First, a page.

Currently viewing the category: "Ghost Moths and Wood Moths"
What's That Bug? does not endorse extermination

Subject:  Giant Wood Moth
Geographic location of the bug:  South East Queensland
Date: 01/19/2020
Time: 03:56 AM EDT
Your letter to the bugman:  Is this a giant wood month? I measured my finger spread when I got home and it’s about 150mm! What’s the record length for a moth?
How you want your letter signed:  Mal

Giant Wood Moth

Dear Mal,
You are correct that this is a Giant Wood Moth,
Endoxyla cinereus, and if you examine your image, you will see the exuvia of the pupa in a hole in the tree trunk at the bottom edge of your image.  According to Butterfly House:  “The caterpillars pupate in their borehole. When the adult moth emerges, the empty pupal skin is left sticking out of the hole.”

What's That Bug? does not endorse extermination

Subject:  Large moth
Geographic location of the bug:  Liverpool area in Sydney
Date: 12/11/2019
Time: 03:29 PM EDT
Your letter to the bugman:  Can anyone please identify this large moth seen near my work, it’s body is about 10 cm long. Thanks
How you want your letter signed:  Allan

Giant Wood Moth

Dear Allan,
This is a Giant Wood Moth and we receive several submissions from Australia each year at this time.

What's That Bug? does not endorse extermination

Subject:  What is this moth
Geographic location of the bug:  Newport Queensland
Date: 11/30/2019
Time: 10:11 PM EDT
Your letter to the bugman:  Good afternoon I found this moth on our back patio this morning. It’s large in size. Not sure what it’s called. Would be very interested in knowing what type it is.
How you want your letter signed:  Regards Rach

Giant Wood Moth

Dear Rach,
This looks to us like a Giant Wood Moth,
Endoxyla cinereus, and according to Butterfly House:  “The males are only half the size of the females, and have a wingspan up to 11 cms.”

What's That Bug? does not endorse extermination

Subject:  Giant Wood Moth?
Geographic location of the bug:  Black Rock, Melbourne
Date: 12/10/2018
Time: 04:32 AM EDT
Your letter to the bugman:  I think these are Endoxyla cinereus, and I assume they are mating? Some students of mine found these in the school playground – absolutely fascinated. The CSIRO page still doesn’t show it as present in Victoria, so perhaps it is something else?
How you want your letter signed:  Andrew P

Mating Wood Moths

Dear Andrew,
We agree that these are mating Wood Moths in the family Cossidae, but we cannot confirm the exact species with any certainty.  We often have trouble differentiating members of this family, and we also confuse members of this family with the Ghost Moths or Swift Moths in the family Hepialidae, which are pictured on Butterfly House.  While we would not rule out that this might be
Endoxyla cinereus, which is pictured on Butterfly House, we can state that it really resembles the individual we posted earlier today that we believe is a Wattle Goat Moth, Endoxyla encalypti.

Mating Wood Moths

What's That Bug? does not endorse extermination

Subject:  Unidentified large Australian Moth
Geographic location of the bug:  Recliffe Peninsua, Queensland, Australia
Date: 12/09/2018
Time: 07:40 PM EDT
Your letter to the bugman:  I snapped this beauty outside a fish and chip shop on the weekend, taking a rest on a kerb, which would make it about 15cm from front legs to wing tips. I have no idea what sort it is, though, and haven’t seen one before. Can you help? It would be good to put a name to the face, as it were.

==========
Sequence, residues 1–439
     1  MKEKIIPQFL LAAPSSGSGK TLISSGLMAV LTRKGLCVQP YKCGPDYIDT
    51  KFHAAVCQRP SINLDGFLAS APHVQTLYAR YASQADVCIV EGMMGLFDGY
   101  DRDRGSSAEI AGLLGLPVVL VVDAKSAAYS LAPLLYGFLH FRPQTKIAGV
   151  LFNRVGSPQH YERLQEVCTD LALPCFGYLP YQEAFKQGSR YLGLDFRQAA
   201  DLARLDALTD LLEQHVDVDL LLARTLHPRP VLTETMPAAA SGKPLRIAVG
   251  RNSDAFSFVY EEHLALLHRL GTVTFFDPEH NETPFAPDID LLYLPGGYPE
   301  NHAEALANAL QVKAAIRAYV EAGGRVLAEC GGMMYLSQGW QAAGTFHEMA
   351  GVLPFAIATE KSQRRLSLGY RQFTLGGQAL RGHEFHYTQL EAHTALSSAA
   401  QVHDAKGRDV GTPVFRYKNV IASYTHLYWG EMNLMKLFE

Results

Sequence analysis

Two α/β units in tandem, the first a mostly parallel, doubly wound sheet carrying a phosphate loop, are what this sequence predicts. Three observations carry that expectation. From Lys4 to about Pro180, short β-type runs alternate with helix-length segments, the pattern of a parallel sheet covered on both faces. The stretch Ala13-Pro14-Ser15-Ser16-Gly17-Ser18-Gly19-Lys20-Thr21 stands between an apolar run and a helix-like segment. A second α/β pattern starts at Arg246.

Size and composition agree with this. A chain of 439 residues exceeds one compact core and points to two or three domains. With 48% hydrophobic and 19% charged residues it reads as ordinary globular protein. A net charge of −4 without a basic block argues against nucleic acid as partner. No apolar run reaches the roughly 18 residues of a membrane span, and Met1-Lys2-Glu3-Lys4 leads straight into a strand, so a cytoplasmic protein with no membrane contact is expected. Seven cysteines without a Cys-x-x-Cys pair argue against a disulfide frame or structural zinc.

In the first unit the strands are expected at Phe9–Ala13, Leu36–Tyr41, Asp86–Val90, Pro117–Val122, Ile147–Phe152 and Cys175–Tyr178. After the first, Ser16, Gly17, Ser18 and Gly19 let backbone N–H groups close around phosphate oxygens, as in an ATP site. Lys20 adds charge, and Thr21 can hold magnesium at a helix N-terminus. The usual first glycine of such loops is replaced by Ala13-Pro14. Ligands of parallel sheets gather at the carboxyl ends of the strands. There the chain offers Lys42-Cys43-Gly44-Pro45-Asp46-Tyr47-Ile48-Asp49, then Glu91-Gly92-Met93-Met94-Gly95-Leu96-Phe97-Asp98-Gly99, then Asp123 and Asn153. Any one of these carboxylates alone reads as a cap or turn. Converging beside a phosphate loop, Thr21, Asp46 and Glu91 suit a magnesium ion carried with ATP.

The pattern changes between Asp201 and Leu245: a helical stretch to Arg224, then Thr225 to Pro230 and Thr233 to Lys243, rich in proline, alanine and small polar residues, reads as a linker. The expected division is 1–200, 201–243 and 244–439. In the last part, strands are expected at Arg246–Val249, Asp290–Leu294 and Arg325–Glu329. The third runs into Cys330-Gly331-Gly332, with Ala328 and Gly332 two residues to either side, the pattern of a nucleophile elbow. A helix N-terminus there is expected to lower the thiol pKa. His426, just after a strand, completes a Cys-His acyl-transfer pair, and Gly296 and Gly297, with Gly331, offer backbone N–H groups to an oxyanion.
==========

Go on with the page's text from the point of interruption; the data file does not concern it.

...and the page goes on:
How you want your letter signed:  Joshua

Wattle Goat Moth, we believe

Dear Joshua,
This appears to be one of the Wood Moths or Goat Moths in the family Cossidae, possibly the Wattle Goat Moth,
Endoxyla encalypti, which is pictured on Butterfly House where it states:  “The adult moths have forewings that are speckled grey and brown with indistinct light and dark streaks. The hindwings are reddish-brown at the base, fading to grey-brown at the margins. The wingspan is around 10 cms.  The thorax of the adult moth has an uncanny likeness to the head of a mouse! The ‘eyes’ of the mouse are the thicker parts of the bluish lines running on either side of the thorax, located just behind the real eyes.”

Thanks Daniel. The wingspan of this individual was definitely greater than 10cm, but that does look a very close match. Appreciate the help!
Josh

What's That Bug? does not endorse extermination

Subject:  Hawkmoth
Geographic location of the bug:  Bruny Island, Tasmania
Date: 05/18/2018
Time: 03:34 AM EDT
Your letter to the bugman:  This moth came to our patio lights when on vacation in Tasmania in 2008. Been trying ever since to find its ID.
How you want your letter signed:  Stephen Smith

Rain Moth

Dear Stephen,
Though it resembles a Hawkmoth, this is a member of a different family, Hepialidae, the Ghost Moths or Swift Moths.  We believe we have correctly identified it as
Abantiades atripalpis, a Rain Moth or Waikerie, thanks to images posted to Butterfly House where it states:  “The moths have grey-brown wings, often with two ragged silver flash markings across each forewing. The forewings often also show intricate sinuous patterns of pale lines. The wingspan of the males can reach 12 cms. That of the females can reach 16 cms.  The adult females deposit large numbers of eggs. Indeed, this species holds the World Fecundity Record, for the greatest number of eggs being deposited by a non-social insect. One dissected female had 44,100 eggs. It is thought that the eggs are laid in flight, just being scattered across the ground.” 

Many thanks, I’ve quite a few Australian moth photo’s as yet unidentified. If you don’t mind I’ll post more in the future as I work my way through them.
Regards Steve.

What's That Bug? does not endorse extermination